Fashion has the world in the palm of its hand. Its’ influence is undeniable. From the clothes we wear, to the cars we drive, to the dishes we eat off of, it’s impossible to ignore the impact fashion has on everything around us. So it’s no shock that you can feel fashion’s gravitational pull on beauty. What models, designers and celebrities wear and use sets a precedent for what does and doesn’t make a woman beautiful. Beauty trends don’t happen in a vacuum.
It was just a few decades ago that Jacqueline Kennedy and Marilyn Monroe set the beauty standard for the American woman—two women who broke the mold with their style, boldness and self confidence. In 2011, the White House and Hollywood still set the beauty bar. Michelle Obama represents Washington D.C. with grace, athletic sinuousness and a statuesque frame. Voted the most beautiful woman in the world, Jennifer Lopez rules beauty in Hollywood with drama, smoldering good looks and societal defiance.
Who would have thought an African American and a Latina would carry the torch for what is considered beautiful? I never would have pictured this moment even 10 years ago. As media continues to validate ethnic women as the “new American” beauty, what these women think, how they view themselves and what makes them feel beautiful should be paid close attention.
This new reality was on display at a recent beauty panel I participated in with one of our key CPG clients. What was on everyone’s minds and mouths? What African American and Latina women are buying and why.
The other eye opening discovery was how concerned Latinas are about hair. Latinas and African American women are, despite the amount of work and time it takes, going back to their roots—literally and figuratively. Rather than straightening, combing and chemically treating their coils into submission, some are opting for natural styles that allow their curls and textured tresses to roam free. In actuality, it’s more time-consuming and labor intensive for women to wear their hair natural than it is to have it relaxed or straightened. In addition, depilatories, eyelash lengtheners and brow enhancers are common speak for these women who are concerned with maintaining the appearance of every follicle on their bodies.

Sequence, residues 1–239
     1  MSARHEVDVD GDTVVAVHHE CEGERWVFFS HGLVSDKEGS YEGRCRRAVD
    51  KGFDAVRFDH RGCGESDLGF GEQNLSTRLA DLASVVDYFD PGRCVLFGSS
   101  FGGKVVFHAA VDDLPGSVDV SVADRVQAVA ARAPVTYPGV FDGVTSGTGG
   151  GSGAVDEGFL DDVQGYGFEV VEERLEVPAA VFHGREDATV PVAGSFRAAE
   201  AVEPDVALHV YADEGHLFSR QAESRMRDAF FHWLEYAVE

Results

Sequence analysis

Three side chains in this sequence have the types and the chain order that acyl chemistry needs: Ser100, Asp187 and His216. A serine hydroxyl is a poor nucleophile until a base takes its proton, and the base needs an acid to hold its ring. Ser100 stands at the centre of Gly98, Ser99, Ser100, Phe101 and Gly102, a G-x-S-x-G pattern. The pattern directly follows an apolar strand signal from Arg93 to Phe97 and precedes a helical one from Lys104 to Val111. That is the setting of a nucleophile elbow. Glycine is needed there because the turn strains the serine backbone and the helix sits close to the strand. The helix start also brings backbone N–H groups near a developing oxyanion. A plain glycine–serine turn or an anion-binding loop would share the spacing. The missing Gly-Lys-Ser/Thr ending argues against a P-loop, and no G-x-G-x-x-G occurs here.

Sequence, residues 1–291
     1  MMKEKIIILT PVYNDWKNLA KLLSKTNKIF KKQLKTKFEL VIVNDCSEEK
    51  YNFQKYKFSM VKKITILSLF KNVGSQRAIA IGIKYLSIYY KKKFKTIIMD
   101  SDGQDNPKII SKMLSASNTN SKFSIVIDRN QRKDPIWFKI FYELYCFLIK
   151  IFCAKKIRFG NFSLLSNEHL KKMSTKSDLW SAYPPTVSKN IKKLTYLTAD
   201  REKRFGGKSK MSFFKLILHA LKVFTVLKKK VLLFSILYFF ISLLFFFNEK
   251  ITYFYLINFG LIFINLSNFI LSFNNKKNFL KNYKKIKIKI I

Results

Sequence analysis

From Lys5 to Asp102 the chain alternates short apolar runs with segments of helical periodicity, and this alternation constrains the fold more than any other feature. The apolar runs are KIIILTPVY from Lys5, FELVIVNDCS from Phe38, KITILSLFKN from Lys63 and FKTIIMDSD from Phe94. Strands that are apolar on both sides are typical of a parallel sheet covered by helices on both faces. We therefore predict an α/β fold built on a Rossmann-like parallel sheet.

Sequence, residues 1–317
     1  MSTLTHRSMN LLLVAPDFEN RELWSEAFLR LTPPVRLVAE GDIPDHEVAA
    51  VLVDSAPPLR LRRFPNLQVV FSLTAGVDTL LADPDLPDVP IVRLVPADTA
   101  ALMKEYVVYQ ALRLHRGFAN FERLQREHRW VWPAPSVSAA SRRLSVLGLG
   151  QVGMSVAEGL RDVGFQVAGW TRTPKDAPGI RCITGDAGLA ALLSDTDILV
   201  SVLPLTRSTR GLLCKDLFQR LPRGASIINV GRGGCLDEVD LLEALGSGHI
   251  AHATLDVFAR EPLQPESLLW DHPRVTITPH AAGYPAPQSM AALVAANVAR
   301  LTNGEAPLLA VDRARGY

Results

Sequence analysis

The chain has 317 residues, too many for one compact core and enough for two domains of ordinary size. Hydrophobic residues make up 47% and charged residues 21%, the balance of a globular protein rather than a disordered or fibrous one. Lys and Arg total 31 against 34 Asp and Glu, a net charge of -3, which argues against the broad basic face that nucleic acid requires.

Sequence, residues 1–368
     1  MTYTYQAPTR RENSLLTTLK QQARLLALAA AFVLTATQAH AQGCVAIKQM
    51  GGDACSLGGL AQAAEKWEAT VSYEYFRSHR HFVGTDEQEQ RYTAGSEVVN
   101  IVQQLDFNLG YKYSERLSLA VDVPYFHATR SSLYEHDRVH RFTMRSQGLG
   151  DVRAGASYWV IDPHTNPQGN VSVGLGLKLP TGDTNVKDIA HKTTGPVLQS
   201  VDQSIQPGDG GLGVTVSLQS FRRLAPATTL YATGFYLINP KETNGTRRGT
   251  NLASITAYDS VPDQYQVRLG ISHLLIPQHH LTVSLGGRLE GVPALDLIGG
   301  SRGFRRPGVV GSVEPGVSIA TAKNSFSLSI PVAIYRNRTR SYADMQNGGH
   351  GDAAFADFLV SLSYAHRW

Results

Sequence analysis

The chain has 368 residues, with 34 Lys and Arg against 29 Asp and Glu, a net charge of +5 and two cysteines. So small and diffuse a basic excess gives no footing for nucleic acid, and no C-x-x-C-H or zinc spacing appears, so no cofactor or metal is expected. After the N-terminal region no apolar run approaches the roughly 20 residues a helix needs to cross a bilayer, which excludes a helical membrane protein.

Latinas are also, not surprisingly, very concerned about skin spots and sun damage, and therefore overindex in skincare products and treatments. In fact, the beauty editor from Siempre Mujer magazine relayed that a big topic amongst Latina women this summer was preventing or fixing discoloration and getting evenly toned skin, exemplified by a certain beauty from the Bronx who always sports healthy glowing skin.
Let the numbers tell the tale and all of these anecdotes begin to make complete sense. According to statistics from Global Insights 2010 data, Hispanic households spent $197 billion dollars on personal care products and services or $1,495 per household; that means everything from razors to spray tans. Is it any wonder that J.Lo is the newest spokesperson face of Gilette’s Venus women’s razors? I think not, and in fact, I believe it’s just the beginning.